If you were on social media from March until June it was nearly everyday that you saw jokes about beach bodies after quarantine, weight gain, mindless eating, etc.
Some even refer to quarantine weight gain as “gaining the COVID-19” like it is a right of passage, expectation, and movement that we all are aware of and bitter about. Jessica Zucker and Sara Gaynes Levy wrote an excellent article on how fat shaming is harmful, discussing why we should potentially consider avoiding that conversation.
In the midst of relaxed quarantine procedures, re-opening the economy, and the Black Lives Matter discussion on change, the light has been pulled away from what we were eating at home. That is why I am discussing it now. Discussing the battle in the trenches leads to a different conversation than post-war reflections. When you are in the throws of it, it is just something everyone relates to and no one see’s a problem with it. It’s either not a big deal or too big of a deal to tackle. But taking the time to reflect on it afterwards affords you the opportunity to take a less-involved look at it.
If you have chanced upon any of my previous work you have likely heard me say, “friends don’t let friends fat talk” and this is a prime example of where it can become an issue. I gave a talk two years ago titled, “The Closet Monster” that seems to be just as applicable to our current conversation.
The purpose of that presentation was to help people recognize that those conversations we have had with ourselves regarding our weight, our body shape, or our size can influence our feelings of self-worth. The subconscious conversations and expectations lend themselves to creating our self-beliefs. Seeing that other people use self-deprecating humor allows the opportunity to find friendship in discomfort. But you don’t need to help the world demonize, belittle and create disgust towards the human body. Our love-hate relationship with the body goes from fascination in childhood of “look what I can do”, to adulthood memories of, “remember when I was thin?” and “I wish I was as thin as the first time I thought I was fat” and so on.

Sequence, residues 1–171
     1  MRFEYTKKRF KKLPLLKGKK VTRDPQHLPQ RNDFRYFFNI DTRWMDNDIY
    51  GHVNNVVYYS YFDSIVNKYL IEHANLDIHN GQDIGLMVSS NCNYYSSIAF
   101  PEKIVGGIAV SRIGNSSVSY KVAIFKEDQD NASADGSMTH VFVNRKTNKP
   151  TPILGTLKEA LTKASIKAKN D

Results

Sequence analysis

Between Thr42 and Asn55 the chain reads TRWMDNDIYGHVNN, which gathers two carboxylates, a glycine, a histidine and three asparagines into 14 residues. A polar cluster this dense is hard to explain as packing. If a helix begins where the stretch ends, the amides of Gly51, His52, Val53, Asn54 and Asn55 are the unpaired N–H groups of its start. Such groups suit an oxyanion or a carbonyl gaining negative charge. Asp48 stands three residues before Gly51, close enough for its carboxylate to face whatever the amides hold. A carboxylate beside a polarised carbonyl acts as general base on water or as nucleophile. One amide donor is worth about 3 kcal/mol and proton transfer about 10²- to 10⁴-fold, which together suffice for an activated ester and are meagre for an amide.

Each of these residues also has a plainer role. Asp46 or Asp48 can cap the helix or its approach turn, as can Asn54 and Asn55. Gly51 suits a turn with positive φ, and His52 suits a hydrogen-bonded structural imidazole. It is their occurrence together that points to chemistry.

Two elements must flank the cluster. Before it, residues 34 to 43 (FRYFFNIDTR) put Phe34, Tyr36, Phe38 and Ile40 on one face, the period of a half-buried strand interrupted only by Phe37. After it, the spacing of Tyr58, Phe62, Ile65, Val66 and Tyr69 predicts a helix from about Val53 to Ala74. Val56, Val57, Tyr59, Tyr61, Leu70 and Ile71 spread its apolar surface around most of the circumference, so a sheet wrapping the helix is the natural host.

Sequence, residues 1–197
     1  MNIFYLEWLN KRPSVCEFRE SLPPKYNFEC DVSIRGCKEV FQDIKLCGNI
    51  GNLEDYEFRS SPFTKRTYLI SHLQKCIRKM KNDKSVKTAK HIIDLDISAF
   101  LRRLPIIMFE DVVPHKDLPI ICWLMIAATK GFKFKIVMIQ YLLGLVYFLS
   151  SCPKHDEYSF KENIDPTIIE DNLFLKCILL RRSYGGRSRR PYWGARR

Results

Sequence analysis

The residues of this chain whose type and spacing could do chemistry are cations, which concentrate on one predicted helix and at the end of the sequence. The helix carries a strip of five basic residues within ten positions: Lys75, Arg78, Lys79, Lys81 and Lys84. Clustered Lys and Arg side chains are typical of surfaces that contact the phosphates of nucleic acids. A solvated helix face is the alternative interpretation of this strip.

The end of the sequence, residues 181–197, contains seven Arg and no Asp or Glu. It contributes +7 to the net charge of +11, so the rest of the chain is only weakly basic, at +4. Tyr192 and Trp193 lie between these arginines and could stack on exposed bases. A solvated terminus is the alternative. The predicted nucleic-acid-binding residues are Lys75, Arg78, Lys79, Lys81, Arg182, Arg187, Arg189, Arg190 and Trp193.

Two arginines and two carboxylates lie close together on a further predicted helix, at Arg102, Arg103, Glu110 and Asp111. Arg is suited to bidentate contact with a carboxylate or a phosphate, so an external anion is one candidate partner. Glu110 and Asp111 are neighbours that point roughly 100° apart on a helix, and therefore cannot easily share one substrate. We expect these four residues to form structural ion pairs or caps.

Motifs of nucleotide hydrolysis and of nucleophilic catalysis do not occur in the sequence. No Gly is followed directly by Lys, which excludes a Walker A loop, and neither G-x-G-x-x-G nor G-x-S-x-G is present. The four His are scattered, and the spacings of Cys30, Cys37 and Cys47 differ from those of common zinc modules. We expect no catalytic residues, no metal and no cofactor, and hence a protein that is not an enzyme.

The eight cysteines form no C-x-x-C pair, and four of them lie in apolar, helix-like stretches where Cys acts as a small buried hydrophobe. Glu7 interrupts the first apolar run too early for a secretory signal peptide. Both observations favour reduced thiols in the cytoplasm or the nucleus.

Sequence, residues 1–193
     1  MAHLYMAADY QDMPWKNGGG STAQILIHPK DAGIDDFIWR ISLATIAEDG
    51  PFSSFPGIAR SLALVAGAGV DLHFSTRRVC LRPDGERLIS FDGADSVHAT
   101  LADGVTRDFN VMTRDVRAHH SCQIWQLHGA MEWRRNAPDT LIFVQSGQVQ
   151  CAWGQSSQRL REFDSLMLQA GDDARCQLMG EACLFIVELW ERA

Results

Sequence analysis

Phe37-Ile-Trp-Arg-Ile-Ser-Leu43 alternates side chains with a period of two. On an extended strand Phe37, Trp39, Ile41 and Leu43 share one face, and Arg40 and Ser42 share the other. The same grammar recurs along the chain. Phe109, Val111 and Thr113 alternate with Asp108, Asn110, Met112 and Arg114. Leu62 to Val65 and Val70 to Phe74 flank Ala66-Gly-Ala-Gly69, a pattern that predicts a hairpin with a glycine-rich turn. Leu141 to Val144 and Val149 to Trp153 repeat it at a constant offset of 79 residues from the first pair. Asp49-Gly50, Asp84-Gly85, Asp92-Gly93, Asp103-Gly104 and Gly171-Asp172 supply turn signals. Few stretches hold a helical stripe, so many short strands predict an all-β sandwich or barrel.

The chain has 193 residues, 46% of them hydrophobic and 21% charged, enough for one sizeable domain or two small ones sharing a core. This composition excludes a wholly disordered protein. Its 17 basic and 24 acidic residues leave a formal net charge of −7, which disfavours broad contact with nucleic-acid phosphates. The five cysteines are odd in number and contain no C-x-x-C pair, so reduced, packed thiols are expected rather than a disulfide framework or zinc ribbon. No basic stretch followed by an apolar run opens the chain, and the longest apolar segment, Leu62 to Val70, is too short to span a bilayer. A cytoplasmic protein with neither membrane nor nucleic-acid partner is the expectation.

This can be a pretty heavy, and deep conversation. While it is
important to reflect, understand where we have been and have a desire for where we are going remember that “where there is no vision, people perish”. (Proverbs 29:18)
The desire is wonderful, the hope is essential, and the drive is praiseworthy. But how do we know when we get there, if we don’t know where there is.
How do you know when you will be comfortable with your body?
How will you know when your body is no longer the enemy?
How will you know when you respect yourself and have gratitude for all your body does for you?
When does the scale tip from self-hate, to self-acceptance, to self-love?
Taking time to check in with yourself, to listen to yourself, to respect yourself helps to send a signal to yourself that you are worth it. There are exercises, both physical and mental, that can be put into place to help us through our current normal. To provide a physical reminder of the importance of checking in with yourself I have put together the blind meal activity. During this trying time, we can choose to focus on the difficulties, the barriers, the uncertainty, or on other topics. We can listen to the external pressures, or you can take the time to self-reflect and move forward in faith.
Sometime in the next while, try out this method of checking in with yourself.
This is called the blind meal.
As you could have guessed you will be eating blindfolded so here are a couple of things to take into account before starting, how messy do you want it to be? Do I want to do this with kids or adults? What foods would be the easiest? Finger foods only or are utensils acceptable?
Recognize that you will need to take turns so that everyone can participate and you will want to make sure to have the food prepared that you want to use.
Provide a pen and pad of paper that each person participating can write on and let everyone see where the plates, utensils, pen and paper are.
During this next step you will eat the food and record your thoughts.
This is where the fun begins, place the blindfolds on those participating.
You can choose to write it down during or write about it afterward. Make sure that you take your time while eating and do not discuss it during the meal.
In your reflection, make sure to use descriptive words — crunchy, smooth, creamy, tangy, bitter, fluffy, heavy, off-putting, memorable, pungent, earthy, etc.
Consider having relaxing music on, or silence, to eliminate distractions.
Remember, do not eat too fast.
A big part of this is taking time to taste the food, explore it, and be present while eating.
You may want to consider using a timer that provides the amount of time you must spend eating if you think it would be helpful.
Try one food at a time.
Finally, take the blind fold off and look at the food you were eating. Review your comments with those you are doing this with.
You may have to trade off so that everyone has the chance to participate, but make sure to have different foods so that the individuals eating do not know what they will be consuming.
The blind meal can be an example of mindful eating, but it also gives you time to explore your connection to food and your body. During the pandemic, many were mindlessly consuming foods. To draw the connection to our speech and self-dialogue, sometimes we mindlessly take in content on the internet too. This call for mindfulness can help you take an inventory of the foods you’re eating and the content you consuming.